Group provide support network for sufferers of ‘hidden disability’

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Determined mothers Leigh Morton and Tracey Goodrum used their own struggles as inspiration to form a group which fights for awareness of ‘hidden disabilities’. 
Leigh Morton of Ripley and Tracey Goodrum of Langley Mill are both parents to teenagers with autism. They set up support group Frantic Families with the aim of providing a support network to Amber Valley parents and carers of children and young people who have autism, ADHD and associated conditions.

The group, which meets monthly at Langley Mill Welfare Club, encourages parents to ‘let off steam’ and provides a safe environment to share stories, help and advice.

Leigh, 50, said: “We wanted to provide support and a place to chat were parents and carers could unwind and be around other parents that were in similar circumstances – where they weren’t judged and could be listened to.

“We have gained in strength and numbers, and the mums and dads who come to group are brilliant. Our children and young adults have a hidden disability, so we do not get the help and support that other families get. But they stay strong and fight, that’s all any of us do is fight for what is right for our families.”

Tracey, 46, added: “I have met a lot of people on my travels with my son and his difficulties, but I never thought I would be running such a good constituted voluntary group with a woman who has become my best friend, who I can laugh, cry and scream with but who in no uncertain terms will ever judge me.”

The group has just received a kind-hearted donation of £1,000 from the Orca Health Group, which will be used to organise a day trip to Skegness for members and their families, as well as contributing towards a pamper day for parents, and group running costs. 
Whilst the group is going from strength to strength now, it hasn’t always been an easy ride for the duo.

Leigh explained; “Back in 2003, Gary Robinson, who is a doctor based at Temple House in Derby, got parents and carers together who were in the process of obtaining a diagnosis for their children. I was one of those original parents.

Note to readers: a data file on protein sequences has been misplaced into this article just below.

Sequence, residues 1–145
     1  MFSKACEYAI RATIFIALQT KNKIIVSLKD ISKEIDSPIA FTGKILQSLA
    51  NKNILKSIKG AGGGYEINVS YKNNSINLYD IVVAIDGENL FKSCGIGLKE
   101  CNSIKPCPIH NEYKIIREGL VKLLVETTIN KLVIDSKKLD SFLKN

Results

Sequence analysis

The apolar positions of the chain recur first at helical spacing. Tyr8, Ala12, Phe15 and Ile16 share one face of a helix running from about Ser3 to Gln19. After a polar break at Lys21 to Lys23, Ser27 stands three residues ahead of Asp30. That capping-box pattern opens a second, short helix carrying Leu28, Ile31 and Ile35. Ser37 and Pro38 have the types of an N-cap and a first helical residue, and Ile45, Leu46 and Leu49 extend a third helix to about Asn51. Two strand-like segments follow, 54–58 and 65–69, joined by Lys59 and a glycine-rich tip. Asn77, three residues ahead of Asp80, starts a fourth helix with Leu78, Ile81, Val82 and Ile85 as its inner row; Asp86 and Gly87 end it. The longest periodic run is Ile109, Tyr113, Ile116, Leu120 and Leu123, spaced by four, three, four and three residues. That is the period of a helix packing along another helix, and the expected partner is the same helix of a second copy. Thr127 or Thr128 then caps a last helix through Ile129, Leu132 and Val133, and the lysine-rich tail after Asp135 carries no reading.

“Meanwhile Tracey attended a course called 123 Magic and met parents from Langley Mill who were asking for a support group. She came to one of our meetings and then went on to set up her own group at the Bungalow in Langley Mill.”

“In 2007 both groups joined together and arranged for the monthly meetings to be held at the Bungalow. The group took off, people were connecting, guest speakers were brought in, and everything was running smoothly until we were told Derbyshire County Council had sold the premises and we no longer had a meeting point.

“Luckily Tracey’s neighbour – an Aldercar and Langley Mill parish councillor – helped organise the use and short-term payment of a new site which was the Langley Mill Welfare Club. It was a difficult time as we didn’t want the group to fall apart, for so many our meetings can be a lifeline and the breathing space they need to stay strong and keep going.
“Luckily we managed – with a lot of help – to get everything sorted and the welfare club on Station Road is still our meeting point. However, we have had to start paying rent, so we became a constitution which meant we had to form a committee. Thanks to Amber Valley Centre for Voluntary Services (AVCVS), who aided us through this process.

“After a bumpy ride as a group we have now settled and hope to continue our hard work in supporting families across the borough and Nottinghamshire.

“Tracey and I continue to attend networking sessions and conferences and gain more experience and knowledge we can share with everyone.”

For more information about the group visit www.franticfamilies.co.uk.